What are Urine Tests?

Reviewed by: HU Medical Review Board | Last review date: September 2017.

Urine laboratory tests are commonly used to help healthcare providers diagnose bladder cancer, or to help them rule out bladder cancer as the cause of a patient’s symptoms.1,2

Visiting a primary care doctor for blood in urine

A visit to a primary healthcare provider is often a first step in the process of diagnosing bladder cancer. Some patients visit their healthcare providers because they have symptoms such as visible blood in the urine or other urinary symptoms.

Urine lab tests to rule out bladder cancer

If the healthcare provider thinks that bladder cancer may be the cause of the symptoms, the patient may be asked to provide a urine sample for analysis in the laboratory. Several types of urine lab tests may be used to help make a diagnosis of bladder cancer, including:

  • Urinalysis testing
  • Urine cytology testing
  • Urine culture testing
  • Urine tests for tumor markers

Urinalysis testing for blood in urine

Urinalysis can be used to test a patient’s urine sample for the presence of blood in the urine.1-3 The medical term for the symptom of blood in the urine is hematuria. Many patients diagnosed with bladder cancer have the symptom of blood in the urine that is easily visible, but in some patients the amount of blood is so small that it is not visible to the naked eye. Urinalysis can detect very small amounts of blood in the urine, which can sometimes help to diagnose bladder cancer at an earlier stage, if bladder cancer is present. Urinalysis can also be used to check the levels of other substances, such as sugar, protein, and white blood cells, in a patient’s urine.

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Urine cytology tests to detect cancer cells

In a urine cytology test, a sample of the patient’s urine is analyzed under a microscope.1,2 This test can reveal the presence of cancer cells or cells that are pre-cancerous, meaning that they are more likely to become cancer cells later. However, this test is not enough to provide a definite diagnosis on its own—it is possible for cancer cells to be present in the bladder even if no cancer cells are detected in the urine sample.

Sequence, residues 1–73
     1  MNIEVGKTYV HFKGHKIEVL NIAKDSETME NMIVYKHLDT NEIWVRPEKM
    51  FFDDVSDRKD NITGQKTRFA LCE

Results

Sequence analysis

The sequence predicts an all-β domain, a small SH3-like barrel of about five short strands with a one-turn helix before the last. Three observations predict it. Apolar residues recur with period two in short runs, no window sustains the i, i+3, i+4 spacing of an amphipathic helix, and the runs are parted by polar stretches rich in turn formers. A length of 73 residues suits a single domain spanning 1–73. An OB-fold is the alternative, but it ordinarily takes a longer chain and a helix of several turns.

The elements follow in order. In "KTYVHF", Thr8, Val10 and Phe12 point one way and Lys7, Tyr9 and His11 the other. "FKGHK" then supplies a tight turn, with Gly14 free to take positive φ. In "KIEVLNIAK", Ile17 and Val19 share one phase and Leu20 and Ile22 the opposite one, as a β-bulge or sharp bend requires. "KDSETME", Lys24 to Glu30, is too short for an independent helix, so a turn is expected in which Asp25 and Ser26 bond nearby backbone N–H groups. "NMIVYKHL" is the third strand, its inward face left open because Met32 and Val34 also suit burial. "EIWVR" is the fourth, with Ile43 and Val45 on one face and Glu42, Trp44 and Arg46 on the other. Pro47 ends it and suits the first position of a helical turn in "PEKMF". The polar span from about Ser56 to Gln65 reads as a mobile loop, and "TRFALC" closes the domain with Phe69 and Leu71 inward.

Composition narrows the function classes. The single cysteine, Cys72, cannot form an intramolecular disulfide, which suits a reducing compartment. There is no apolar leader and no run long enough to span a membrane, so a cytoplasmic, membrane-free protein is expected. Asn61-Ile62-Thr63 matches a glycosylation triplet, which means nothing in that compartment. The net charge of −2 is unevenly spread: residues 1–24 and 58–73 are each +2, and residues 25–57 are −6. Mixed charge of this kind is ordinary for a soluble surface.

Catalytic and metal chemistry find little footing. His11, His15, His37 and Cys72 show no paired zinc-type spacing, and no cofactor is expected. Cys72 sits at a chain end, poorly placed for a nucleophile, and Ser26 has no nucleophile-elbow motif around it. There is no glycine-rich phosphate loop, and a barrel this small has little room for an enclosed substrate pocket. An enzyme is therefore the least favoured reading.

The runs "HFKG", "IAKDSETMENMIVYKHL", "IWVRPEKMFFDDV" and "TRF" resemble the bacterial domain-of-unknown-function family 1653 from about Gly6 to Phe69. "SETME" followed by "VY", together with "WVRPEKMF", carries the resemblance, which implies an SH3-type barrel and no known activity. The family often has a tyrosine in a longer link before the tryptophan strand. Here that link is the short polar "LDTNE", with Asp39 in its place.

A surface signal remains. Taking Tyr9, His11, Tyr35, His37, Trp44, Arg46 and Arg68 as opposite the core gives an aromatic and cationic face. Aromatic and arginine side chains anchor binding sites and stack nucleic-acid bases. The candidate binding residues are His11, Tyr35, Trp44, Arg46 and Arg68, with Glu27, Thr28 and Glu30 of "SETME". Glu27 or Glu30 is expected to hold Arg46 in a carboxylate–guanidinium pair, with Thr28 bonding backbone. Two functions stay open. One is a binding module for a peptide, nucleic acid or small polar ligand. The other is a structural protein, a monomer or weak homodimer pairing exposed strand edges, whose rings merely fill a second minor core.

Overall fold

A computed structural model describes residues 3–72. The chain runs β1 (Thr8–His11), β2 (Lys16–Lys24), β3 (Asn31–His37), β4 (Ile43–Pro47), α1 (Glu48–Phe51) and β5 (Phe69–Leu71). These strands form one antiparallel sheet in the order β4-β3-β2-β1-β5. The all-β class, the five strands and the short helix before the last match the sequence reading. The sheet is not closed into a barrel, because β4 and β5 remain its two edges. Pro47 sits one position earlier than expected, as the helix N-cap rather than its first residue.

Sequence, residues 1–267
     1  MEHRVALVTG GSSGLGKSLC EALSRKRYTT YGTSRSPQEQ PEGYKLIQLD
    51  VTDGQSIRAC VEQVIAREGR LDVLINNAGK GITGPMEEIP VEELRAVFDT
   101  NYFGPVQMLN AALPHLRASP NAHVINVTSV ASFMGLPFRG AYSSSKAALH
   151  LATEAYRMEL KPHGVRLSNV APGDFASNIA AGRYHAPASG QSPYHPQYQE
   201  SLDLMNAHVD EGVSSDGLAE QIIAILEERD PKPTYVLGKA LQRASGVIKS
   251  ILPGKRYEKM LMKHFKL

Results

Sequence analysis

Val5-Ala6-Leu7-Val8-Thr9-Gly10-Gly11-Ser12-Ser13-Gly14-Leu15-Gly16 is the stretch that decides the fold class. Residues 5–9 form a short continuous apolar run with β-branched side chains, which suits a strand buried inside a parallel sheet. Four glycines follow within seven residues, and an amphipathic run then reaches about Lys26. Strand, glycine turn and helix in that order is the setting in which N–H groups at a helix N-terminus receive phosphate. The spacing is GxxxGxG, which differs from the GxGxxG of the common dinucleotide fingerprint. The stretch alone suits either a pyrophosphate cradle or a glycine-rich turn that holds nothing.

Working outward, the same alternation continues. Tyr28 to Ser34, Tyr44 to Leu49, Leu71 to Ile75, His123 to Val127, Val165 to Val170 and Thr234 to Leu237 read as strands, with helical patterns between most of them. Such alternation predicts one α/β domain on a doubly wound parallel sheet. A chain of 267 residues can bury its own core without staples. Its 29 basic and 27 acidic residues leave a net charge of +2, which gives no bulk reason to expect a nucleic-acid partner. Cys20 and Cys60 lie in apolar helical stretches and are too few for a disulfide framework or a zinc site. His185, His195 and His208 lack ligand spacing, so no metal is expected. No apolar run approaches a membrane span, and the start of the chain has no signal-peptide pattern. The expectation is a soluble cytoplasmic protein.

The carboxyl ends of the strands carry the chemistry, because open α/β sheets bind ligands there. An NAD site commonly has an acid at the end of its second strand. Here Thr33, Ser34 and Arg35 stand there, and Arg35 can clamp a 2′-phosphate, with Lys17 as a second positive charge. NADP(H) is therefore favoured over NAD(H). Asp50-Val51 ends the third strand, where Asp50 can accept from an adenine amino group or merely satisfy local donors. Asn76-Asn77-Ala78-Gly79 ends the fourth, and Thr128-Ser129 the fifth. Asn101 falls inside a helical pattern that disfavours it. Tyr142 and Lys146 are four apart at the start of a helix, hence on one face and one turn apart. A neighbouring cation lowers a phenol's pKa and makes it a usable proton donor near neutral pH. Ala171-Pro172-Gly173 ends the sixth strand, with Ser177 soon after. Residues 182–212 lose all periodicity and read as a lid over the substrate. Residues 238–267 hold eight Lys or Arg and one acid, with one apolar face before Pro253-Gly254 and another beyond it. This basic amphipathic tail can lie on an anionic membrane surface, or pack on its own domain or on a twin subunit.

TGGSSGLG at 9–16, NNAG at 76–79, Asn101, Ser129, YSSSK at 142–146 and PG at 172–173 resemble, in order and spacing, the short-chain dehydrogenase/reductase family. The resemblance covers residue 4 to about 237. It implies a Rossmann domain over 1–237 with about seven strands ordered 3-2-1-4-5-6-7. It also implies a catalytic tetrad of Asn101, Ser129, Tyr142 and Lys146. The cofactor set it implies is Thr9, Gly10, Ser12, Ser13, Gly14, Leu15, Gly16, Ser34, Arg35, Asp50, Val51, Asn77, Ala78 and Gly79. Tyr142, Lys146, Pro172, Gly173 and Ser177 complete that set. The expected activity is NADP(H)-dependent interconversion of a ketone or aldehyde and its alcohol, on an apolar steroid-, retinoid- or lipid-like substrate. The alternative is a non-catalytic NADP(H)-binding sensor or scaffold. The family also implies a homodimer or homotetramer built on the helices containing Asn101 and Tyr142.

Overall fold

Urine cytology tests after a cystoscopy

Urine cytology tests can also be used after a procedure called cystoscopy, in which a sterile liquid is injected into the bladder to allow the bladder to expand so it can be adequately examined. When the liquid is removed from the bladder it may be analyzed with cytology testing to check for the presence of cancer or pre-cancer cells.

Urine culture testing to check for UTIs

Urine culture testing can be used to check for urinary tract infections.1 The symptoms of bladder cancers and urinary tract infections can be quite similar, so it is important for healthcare providers check for both infection and cancer if either could be the cause. To carry out this test, the urine sample is left in a dish in the laboratory for several days, which allows any bacteria that may be contained in the urine to grow.

Urine tests for tumor markers

A relatively new type of diagnostic technology for bladder cancer are urine tests for substances called tumor markers.3 It is possible for these tests to detect substances in the urine that may be linked to the presence of bladder cancer cells, but like urine cytology test, they are not perfectly reliable. These new tests include:

  • Tests that can detect bladder tumor-associated antigen (BTA)
  • A test that can detect the genetic changes that are common in bladder cancer cells
  • A test that can detect substances often found on cancer cells, called mucin and carcinoembryonic antigen (CEA)
  • A test that can detect a protein (called NMP22) that is often elevated in patients with bladder cancer

Next steps after urine lab tests

Depending on the results of the patient’s physical examination and urine laboratory tests, healthcare providers may need to carry out further testing to help make a diagnosis.1,2 The tests can also be used in patients who have already been diagnosed with bladder cancer to help gather more information about the cancer and develop the patient’s treatment plan.

Other tests for bladder cancer

Other types of tests for bladder cancer include: